Risk May be Unavoidable, But It Doesn’t Have to be Unmanageable

Recently, Jeff and I had dinner with some friends, and the question “what is the biggest risk you’ve ever taken?” came up. As we went around the table, everyone told their stories. Jeff spent four years in Taiwan and China after college, in two separate trips, with the hope of making a living there. My friend had moved as a single mom with her young son back to Oregon with no job or prospects. When it was my turn, I really couldn’t think of anything.

I’ve always been the cautious type, and I’ve made decisions and changes methodically, always ensuring I had a safety net. I’ve never quit a job without having another to go to. I’ve never moved without being secure in a home and income. Heck, I rarely drive more than five miles per hour faster than the speed limit. Oh, I have risk in my investments. But even there, I only have money that I won’t need for ten years or more in risky stock mutual funds.

For some people, though, living a life fulfilled involves taking risks, and I admire these folks. Whether its following your passion, starting your own business or changing careers, risk is an unavoidable part of the picture. But that doesn’t mean you can’t mitigate the risks you face. All it takes is a little planning. Here are a few examples.

One of my friends is an avid cyclist. She does everything from 100 mile road races to cyclocross. It’s not uncommon for her to reach speeds exceeding 50 miles per hour on her bike. Of course she wears a helmet, but at these speeds, a small mishap could land her in the hospital facing a long period where she is unable to work. How can she mitigate the risk of not being able to work, potentially for months? Disability insurance. Many employers offer disability insurance to their employees, but many employees skip the coverage if they have to pay for it. The Bureau of Labor Statistics reports that at the end of 2014 only one third of workers participated in long term disability coverage. Your ability to earn an income is worth more than your car or home, which you don’t hesitate to insure. Employer sponsored disability insurance is inexpensive. No one should pass it up.

I have a few friends who are small business owners. Opening a small business comes with a whole host of risks. At the beginning there is usually at least a short term loss of income. Over time, income may increase but remain irregular, and of course there are many things that can cause a small business to fail. The Small Business Administration data indicates that only 55% of small businesses survive longer than five years. The business owners often don’t have the safety nets most of us are used to without an employer to offer a retirement plan or benefits. Here are some tips to mitigate these risks:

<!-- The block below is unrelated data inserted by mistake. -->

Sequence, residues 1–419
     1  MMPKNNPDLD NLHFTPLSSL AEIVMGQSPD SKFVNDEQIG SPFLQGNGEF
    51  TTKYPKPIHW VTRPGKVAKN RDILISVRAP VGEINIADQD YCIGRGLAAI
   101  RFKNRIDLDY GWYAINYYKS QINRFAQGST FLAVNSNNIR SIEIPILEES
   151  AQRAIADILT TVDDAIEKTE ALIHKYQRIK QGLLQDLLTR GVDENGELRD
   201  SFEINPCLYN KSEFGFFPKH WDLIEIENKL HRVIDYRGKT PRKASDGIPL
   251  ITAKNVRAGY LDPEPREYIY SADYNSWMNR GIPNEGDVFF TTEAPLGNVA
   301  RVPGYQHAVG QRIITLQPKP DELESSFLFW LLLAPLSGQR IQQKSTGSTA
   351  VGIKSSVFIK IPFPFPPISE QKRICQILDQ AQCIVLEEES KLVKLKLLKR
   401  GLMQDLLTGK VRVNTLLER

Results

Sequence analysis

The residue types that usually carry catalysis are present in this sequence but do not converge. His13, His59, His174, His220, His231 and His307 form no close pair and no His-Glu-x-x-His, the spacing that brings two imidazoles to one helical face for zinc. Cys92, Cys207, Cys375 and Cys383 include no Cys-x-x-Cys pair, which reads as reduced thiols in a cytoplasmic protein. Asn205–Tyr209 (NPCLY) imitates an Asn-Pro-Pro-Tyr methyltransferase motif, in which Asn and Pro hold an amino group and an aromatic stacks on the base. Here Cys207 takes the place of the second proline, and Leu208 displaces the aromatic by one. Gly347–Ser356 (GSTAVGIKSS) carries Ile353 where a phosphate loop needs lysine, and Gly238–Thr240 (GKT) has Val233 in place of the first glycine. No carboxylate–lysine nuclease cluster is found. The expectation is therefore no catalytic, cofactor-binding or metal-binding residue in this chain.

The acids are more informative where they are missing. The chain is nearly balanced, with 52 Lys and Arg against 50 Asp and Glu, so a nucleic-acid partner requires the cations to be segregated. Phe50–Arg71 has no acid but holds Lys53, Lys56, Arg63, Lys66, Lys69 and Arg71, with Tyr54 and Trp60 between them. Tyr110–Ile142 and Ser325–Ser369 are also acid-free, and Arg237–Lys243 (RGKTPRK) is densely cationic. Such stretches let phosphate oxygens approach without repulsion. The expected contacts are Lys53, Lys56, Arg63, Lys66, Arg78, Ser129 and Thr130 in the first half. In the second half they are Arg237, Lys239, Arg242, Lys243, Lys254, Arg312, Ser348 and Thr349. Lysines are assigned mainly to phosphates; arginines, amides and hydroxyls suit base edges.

1. Build up some savings before you open your business. This will allow you to avoid going into debt or at least reduce the amount, especially expensive credit card debt.
  2. Know your limits. Establish limits for how much debt you are willing to take on, how long you are willing to take losses and how much of your personal savings (or your family members’) you are willing to invest. Be disciplined about abiding by the limits, and have an exit strategy.
  3. Once your business starts to make money, have a plan for reinvesting in the business that takes into account taking care of yourself. No business can thrive without investment, but its important to provide for your eventual retirement and your family’s security with retirement savings and life insurance.

Similar advice applies to changing careers. Understand that you may have to take a step back in income to start in a new field, and prepare ahead of time by building up your savings. If you need additional education to make the switch, create a budget, and set money aside for this as well. If you have to take on debt for your education, take on as little as possible. Before you go into debt, set a limit and understand what your payments will be. Make sure your new career will allow you to meet these debt payments and your need to save for your long term financial security.

Risk is an inevitable part of life, and sometimes we have to take on extra risks to fulfill our dreams. But that doesn’t mean you have to work without a net. Patience and planning go a long way toward limiting the impact of risks that go against you.

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